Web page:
The Effect of Freezing & Thawing on Rock

Freeze-thaw plays an important role in shaping alpine landscapes.
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What is the effect of freezing and thawing on rock? ​Freeze-thaw weathering​ is the result of this process. A type of ​physical weathering​ (also called ​mechanical weathering​), freeze-thaw cycles cause the breakdown of rocks into smaller pieces. While freeze-thaw weathering does not change the mineral composition of rocks it acts upon, it does make them more vulnerable to chemical weathering, which alters the compounds in rocks.

Often, the processes of physical and chemical weathering work together over long periods of time. Freezing and thawing of water in the joints and cracks of rocks creates smaller fragments with more surface area, making rocks more susceptible to chemical and biological weathering.

How Freeze-Thaw Weathering Works

A mechanical process, freeze-thaw weathering causes the ​joints​ (cracks) in rocks to expand, which wedges parts of rocks apart. Because water expands by about 10% when it freezes, this creates outward pressure in rock joints, making the cracks larger.

Joints occur naturally in rocks as a result of their formation. Fractures that are not offset, joints do allow for the entry of water into rocks.

In climates where temperatures dip below freezing in the winter, moisture in the joints of rocks solidifies as ice. Over time, after several cycles of freezing and thawing, joints get large enough that bits of rock start to fall off in smaller pieces. This breakdown of rock happens faster at higher altitudes, where many freeze-thaw cycles can occur during the year.

Other Kinds of Physical Weathering

Freeze-thaw weathering is just one way that rocks break down via mechanical processes. In a similar way, salt crystal growth can also cause rock joints to expand. Crystals may develop inside rock joints when water on the rocks evaporates, as ions in the water precipitate during this process. Growing crystals inside joints can also wedge rock joints apart. Salt crystal growth inside rock joints can often be found near oceans, where rocks are exposed to saltwater.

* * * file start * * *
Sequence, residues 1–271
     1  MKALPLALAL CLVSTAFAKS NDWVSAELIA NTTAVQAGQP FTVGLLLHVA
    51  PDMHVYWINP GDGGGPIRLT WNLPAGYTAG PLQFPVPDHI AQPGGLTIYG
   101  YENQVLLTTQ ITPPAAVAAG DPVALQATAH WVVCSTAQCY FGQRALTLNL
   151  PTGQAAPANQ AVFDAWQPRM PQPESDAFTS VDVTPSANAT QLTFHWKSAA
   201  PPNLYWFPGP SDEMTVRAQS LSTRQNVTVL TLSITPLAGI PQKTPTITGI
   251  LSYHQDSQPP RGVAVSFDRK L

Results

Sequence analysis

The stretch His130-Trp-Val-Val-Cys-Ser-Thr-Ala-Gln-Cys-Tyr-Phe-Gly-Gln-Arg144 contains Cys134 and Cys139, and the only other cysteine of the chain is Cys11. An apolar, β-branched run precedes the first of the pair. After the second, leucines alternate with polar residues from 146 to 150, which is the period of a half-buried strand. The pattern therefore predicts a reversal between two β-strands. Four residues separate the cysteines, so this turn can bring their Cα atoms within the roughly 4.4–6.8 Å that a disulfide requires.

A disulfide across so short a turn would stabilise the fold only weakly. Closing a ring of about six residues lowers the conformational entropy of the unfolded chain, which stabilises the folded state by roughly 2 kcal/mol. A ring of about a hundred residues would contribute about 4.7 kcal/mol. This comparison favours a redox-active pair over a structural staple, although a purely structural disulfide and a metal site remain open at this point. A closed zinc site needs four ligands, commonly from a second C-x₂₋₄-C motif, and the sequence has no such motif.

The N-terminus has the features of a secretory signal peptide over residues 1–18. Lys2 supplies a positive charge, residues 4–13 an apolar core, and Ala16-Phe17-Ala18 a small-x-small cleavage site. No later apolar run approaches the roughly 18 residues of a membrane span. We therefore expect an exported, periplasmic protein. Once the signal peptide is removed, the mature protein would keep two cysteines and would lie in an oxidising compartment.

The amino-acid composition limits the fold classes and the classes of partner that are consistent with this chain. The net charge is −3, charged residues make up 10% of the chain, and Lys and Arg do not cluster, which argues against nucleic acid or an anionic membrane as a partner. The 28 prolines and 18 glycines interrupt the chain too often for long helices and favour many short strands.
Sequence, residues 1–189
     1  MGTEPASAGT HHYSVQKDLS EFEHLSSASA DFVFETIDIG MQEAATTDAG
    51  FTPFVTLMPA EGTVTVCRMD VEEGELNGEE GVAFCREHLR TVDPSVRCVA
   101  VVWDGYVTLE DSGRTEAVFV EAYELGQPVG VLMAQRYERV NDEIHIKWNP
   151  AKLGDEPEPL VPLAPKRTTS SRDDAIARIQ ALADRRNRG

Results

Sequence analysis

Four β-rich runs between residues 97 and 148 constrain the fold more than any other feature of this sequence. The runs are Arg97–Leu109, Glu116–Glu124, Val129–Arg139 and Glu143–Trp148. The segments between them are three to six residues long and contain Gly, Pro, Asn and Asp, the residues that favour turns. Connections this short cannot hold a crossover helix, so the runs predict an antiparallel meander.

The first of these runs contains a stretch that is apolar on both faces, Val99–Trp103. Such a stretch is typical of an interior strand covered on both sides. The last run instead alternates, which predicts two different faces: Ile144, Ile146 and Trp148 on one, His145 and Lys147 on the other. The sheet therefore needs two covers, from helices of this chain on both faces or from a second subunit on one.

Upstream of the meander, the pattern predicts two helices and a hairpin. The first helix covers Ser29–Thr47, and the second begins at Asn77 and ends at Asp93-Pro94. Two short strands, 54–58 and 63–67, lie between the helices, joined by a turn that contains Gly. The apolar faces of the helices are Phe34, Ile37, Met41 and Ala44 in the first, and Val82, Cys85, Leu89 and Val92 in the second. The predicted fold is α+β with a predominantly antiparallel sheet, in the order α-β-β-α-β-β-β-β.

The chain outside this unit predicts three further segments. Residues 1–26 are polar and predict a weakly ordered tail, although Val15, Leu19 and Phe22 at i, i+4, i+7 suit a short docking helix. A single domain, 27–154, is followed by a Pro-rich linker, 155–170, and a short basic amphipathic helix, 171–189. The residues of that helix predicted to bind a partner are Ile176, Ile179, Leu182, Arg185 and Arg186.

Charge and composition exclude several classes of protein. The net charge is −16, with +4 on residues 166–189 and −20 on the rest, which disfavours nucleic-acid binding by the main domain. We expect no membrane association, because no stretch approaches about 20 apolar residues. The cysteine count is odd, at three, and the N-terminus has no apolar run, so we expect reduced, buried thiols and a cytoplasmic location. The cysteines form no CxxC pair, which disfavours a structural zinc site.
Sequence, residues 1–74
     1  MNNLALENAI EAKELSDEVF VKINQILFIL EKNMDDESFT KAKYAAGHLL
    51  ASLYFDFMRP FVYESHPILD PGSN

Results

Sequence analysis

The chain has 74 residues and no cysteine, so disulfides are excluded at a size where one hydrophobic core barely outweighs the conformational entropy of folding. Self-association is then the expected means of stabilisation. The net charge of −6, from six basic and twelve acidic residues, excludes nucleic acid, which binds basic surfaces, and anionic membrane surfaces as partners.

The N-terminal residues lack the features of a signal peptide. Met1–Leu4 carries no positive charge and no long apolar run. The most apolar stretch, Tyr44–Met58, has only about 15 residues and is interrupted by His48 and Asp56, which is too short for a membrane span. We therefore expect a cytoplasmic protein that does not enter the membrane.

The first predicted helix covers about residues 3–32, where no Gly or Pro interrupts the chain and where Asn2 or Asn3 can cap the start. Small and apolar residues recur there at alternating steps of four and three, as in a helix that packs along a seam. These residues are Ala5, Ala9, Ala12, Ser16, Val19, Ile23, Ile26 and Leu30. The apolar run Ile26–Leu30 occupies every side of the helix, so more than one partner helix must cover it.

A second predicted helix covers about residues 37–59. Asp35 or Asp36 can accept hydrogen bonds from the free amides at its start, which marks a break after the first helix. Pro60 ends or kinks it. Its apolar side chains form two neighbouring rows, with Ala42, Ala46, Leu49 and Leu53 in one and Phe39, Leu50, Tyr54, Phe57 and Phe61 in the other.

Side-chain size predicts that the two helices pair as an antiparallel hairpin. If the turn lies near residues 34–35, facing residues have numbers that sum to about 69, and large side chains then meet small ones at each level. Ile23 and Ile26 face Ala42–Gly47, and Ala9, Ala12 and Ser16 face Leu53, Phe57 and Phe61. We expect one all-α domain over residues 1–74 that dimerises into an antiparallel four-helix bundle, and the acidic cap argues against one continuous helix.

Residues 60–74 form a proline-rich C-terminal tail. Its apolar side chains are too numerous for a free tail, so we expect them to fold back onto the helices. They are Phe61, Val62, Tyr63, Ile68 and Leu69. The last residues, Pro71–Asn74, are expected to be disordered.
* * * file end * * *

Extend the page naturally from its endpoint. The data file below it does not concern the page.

Another type of physical weathering is called ​thermal expansion​. Although rocks can withstand gradual changes in temperatures, sudden shifts between hot and cold may cause rocks to crack. Because rocks are made of different minerals, the differences in contraction and expansion of different areas with temperature changes may also create breakage.

Forest and grass fires create intense heat and may cause thermal expansion of rocks. Weathering caused by temperature changes is also common in deserts, where temperatures can change substantially from night to day.

Types of Weathering

Physical and chemical weathering are the two main types of weathering; both processes break rocks into smaller pieces or crystals. While physical weathering does not change the chemical composition of rocks, chemical weathering does. Weathering caused by freezing and thawing is one example of physical (also called mechanical) weathering.

In ​chemical weathering​, minerals in rocks react with water, oxygen and other compounds in their environment. Chemical weathering causes the dissolution or alteration of minerals in rocks, which ultimately leads to their breakdown. Often, rocks that have been affected by chemical weathering will form oxides that change the colors of the rocks.

Along with physical and chemical weathering, geologists also recognize the effect that other living organisms have on rocks. For example, tree roots that grow into joints of rocks cause ​wedging​, which is a type of physical weathering. Chemical weathering can be accelerated by the acidic solutions of bacteria that live on rocks, and burrowing animals can make rocks more vulnerable to both physical and chemical weathering by bringing them to the surface of the earth.

It may be difficult to separate the effects of different types of weathering, as sometimes they have a synergistic effect. The interactions between physical and chemical weathering can accelerate the rate at which rocks break down, and some types of rock are more susceptible to weathering due to their composition, location and environment.

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